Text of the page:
Pittsburgh cultural activities    2009-07-22

 

During last week's business trip in Pittsburgh, I would be remiss in my cultural endeavors to make time for whatever cultural activities I could.    Here are 2 stops I missed on my last trip in 2006 to this city.    Again all I had was my phone camera so the pictures below are not the best.

 

As seen various travel and food shows, Primanti's is a locally famous name, and what now is a local chain started out as one small, informal-type restaurant in the city's Strip District, which was originally an industrial area to the northeast of downtown, now becoming somewhat trendy and gentrified.     The original restaurant is the one we visited and is the one usually shown on these travel shows, and features wax paper and your fingers as the table setting, and every sandwich piled high with cole slow and fries, right into the sandwich.

 

Here is a small summary ... http://www.seriouseats.com/2008/08/primanti-brothers-pittsburgh-cheesteak-pastrami-sandwiches.html

 

 

 

 

 

 

On Thursday nite the Carnegie Museum of Art and Natural History is open late.    I only had time to go through the art portion, which is mostly, but not totally, contemporary art.

 

 

 

 

 

 

 

 

 

 

 

 

 

 

 

 

 

Rodin's "The Thinker" in this exhibit is watching himself.

 

 

 

 

 

 

 

I am not clear how this ended up in Pittsburgh but this art deco mural was rescued from the SS Normandie, a French ocean liner that caught fire right on the pier in New York in 1942 (web photo below).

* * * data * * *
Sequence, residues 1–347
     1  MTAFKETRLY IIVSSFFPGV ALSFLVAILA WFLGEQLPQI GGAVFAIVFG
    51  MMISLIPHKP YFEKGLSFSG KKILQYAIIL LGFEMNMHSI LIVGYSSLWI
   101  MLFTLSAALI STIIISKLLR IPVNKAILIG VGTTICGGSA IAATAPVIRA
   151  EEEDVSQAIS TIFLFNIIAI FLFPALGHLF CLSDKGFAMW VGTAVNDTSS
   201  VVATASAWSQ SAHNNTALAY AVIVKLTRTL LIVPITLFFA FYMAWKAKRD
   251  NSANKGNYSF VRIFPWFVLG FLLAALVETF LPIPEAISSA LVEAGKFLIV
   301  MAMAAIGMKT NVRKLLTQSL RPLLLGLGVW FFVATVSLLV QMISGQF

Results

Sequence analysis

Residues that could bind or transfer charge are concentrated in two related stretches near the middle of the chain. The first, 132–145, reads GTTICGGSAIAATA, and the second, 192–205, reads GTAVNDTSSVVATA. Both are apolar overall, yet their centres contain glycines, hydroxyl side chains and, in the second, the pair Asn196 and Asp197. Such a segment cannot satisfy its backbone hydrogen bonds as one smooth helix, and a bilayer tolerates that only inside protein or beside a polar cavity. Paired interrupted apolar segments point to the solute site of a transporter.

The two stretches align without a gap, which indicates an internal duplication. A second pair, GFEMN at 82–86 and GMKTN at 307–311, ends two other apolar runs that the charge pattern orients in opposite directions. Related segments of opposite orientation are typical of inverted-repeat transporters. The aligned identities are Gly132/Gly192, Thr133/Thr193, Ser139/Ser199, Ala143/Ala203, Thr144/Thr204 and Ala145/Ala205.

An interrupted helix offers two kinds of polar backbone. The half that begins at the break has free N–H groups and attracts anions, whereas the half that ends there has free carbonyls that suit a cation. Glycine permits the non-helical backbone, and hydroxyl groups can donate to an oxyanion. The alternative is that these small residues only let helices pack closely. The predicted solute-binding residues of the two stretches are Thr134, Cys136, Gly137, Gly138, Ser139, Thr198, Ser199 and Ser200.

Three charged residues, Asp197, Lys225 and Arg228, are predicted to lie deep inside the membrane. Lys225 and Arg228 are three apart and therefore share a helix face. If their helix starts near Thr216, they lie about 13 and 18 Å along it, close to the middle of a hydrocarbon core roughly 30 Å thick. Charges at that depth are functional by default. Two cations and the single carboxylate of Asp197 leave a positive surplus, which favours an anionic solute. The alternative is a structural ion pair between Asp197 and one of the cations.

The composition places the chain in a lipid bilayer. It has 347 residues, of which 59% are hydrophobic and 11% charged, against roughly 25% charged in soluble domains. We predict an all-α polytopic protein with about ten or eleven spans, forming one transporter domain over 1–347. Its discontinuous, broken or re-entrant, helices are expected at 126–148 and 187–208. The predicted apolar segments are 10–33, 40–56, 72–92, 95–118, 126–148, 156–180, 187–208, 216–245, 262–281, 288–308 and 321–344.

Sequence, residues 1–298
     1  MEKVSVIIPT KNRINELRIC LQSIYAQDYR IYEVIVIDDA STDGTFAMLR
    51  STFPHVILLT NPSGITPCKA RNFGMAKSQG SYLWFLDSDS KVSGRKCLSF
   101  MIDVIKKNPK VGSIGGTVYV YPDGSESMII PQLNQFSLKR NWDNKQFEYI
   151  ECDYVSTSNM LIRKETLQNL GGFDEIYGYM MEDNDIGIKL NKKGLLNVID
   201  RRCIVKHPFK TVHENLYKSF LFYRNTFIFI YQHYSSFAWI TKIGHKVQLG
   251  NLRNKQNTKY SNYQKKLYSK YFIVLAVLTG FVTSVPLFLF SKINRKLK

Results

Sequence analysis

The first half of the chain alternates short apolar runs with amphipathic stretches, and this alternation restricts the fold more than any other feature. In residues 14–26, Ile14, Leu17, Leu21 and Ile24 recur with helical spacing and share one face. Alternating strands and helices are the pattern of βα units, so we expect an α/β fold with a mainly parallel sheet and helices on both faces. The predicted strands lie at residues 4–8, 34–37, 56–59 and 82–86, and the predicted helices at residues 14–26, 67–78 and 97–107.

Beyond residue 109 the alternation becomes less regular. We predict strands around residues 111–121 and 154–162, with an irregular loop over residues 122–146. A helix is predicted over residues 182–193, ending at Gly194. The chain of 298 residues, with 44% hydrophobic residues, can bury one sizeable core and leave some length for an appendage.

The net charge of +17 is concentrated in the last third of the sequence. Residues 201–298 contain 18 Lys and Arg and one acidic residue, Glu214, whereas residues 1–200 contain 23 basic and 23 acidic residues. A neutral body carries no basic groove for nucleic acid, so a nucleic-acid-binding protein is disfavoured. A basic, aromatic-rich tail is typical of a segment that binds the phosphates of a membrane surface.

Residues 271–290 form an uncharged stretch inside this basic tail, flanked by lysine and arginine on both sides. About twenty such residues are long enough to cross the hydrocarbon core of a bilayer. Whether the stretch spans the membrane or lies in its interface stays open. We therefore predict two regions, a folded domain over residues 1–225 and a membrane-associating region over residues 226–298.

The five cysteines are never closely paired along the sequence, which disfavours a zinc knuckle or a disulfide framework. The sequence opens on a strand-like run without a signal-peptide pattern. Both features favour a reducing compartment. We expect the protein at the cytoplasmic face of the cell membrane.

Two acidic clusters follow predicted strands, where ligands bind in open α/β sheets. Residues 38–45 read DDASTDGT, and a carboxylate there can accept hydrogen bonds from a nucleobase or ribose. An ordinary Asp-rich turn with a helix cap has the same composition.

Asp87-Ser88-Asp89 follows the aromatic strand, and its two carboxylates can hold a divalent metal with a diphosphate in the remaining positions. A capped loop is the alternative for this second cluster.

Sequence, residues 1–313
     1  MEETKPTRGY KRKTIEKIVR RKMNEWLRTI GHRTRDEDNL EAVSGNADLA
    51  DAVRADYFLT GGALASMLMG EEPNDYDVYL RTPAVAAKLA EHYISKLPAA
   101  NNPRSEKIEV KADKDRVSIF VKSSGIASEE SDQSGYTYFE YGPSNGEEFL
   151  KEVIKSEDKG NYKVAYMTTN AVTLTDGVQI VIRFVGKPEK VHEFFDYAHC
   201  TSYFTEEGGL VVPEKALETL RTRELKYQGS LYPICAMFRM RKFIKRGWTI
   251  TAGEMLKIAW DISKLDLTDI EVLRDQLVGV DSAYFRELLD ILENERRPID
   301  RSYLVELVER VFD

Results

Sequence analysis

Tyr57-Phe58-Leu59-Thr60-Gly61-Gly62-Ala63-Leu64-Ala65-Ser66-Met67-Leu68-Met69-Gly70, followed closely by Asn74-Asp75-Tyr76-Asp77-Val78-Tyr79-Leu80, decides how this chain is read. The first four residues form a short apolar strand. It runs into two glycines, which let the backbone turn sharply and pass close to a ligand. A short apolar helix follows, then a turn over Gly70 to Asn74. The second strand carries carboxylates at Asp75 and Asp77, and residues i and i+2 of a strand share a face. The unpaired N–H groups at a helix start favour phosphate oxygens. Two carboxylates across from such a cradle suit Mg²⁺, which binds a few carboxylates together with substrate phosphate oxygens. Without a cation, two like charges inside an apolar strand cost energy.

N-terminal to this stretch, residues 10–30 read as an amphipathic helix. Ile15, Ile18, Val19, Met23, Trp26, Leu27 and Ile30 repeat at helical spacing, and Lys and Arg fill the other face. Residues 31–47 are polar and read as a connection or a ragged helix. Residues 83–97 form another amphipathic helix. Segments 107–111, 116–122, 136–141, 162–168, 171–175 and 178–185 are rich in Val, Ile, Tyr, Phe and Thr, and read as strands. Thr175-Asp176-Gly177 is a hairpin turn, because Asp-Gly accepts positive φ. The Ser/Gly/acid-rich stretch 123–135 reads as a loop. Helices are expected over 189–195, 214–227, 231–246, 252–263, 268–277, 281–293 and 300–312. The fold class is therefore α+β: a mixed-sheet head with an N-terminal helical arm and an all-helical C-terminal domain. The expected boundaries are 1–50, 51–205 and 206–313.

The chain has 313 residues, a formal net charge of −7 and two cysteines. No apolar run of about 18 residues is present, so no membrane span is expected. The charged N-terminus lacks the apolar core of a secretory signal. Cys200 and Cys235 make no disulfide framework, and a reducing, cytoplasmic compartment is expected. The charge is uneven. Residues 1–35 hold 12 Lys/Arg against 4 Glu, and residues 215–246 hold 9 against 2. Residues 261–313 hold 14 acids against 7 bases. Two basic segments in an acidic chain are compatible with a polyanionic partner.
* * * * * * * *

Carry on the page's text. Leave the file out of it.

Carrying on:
A typical contemporary gallery in the museum.

 

 

 

 

 

 

 

 

 

 

 

 

Several paintings were dedicated to the industrial and steel history of the Pittsburgh area.

 

 

 

 

An interesting temporary exhibit documented the history of photography from its origins in the 1840 to the present day.   Look at the web photo below which was an early daguerreotype from one of the Lincoln inauguarations in the 1860s.    Then looking at the second photo, photographer Jerry Spagnoli attempted to use the same 19th century daguerreotype techniques in this year's Obama inauguration.    The third photo is a much clearer photo I downloaded.

 

 

 

 

 

 

 

 

 

I had a few minutes to quickly walk through the mineral and crystal gallery in the Natural History Museum.   This was spooky.

 

 

 




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